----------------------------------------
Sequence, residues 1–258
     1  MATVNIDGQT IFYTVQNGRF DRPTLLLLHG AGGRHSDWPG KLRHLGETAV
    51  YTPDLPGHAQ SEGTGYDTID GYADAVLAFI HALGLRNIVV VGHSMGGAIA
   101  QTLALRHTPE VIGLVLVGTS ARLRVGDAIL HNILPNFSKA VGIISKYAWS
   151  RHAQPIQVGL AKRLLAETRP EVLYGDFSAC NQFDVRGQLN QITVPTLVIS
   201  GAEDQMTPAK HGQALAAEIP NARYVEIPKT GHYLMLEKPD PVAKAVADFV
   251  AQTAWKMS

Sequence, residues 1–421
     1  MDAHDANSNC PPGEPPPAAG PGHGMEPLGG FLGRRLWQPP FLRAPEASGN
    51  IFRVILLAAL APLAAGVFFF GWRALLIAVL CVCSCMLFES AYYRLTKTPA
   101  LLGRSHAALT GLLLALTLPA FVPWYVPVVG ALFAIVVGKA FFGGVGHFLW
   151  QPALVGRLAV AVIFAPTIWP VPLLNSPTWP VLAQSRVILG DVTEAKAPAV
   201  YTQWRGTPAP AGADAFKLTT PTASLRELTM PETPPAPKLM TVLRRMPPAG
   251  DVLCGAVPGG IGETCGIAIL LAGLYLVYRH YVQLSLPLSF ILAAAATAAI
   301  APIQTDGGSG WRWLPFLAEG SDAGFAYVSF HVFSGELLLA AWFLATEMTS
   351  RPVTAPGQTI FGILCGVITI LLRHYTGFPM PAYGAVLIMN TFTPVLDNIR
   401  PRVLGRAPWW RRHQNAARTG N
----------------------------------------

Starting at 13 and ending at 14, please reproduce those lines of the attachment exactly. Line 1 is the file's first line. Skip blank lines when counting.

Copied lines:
   201  YTQWRGTPAP AGADAFKLTT PTASLRELTM PETPPAPKLM TVLRRMPPAG
   251  DVLCGAVPGG IGETCGIAIL LAGLYLVYRH YVQLSLPLSF ILAAAATAAI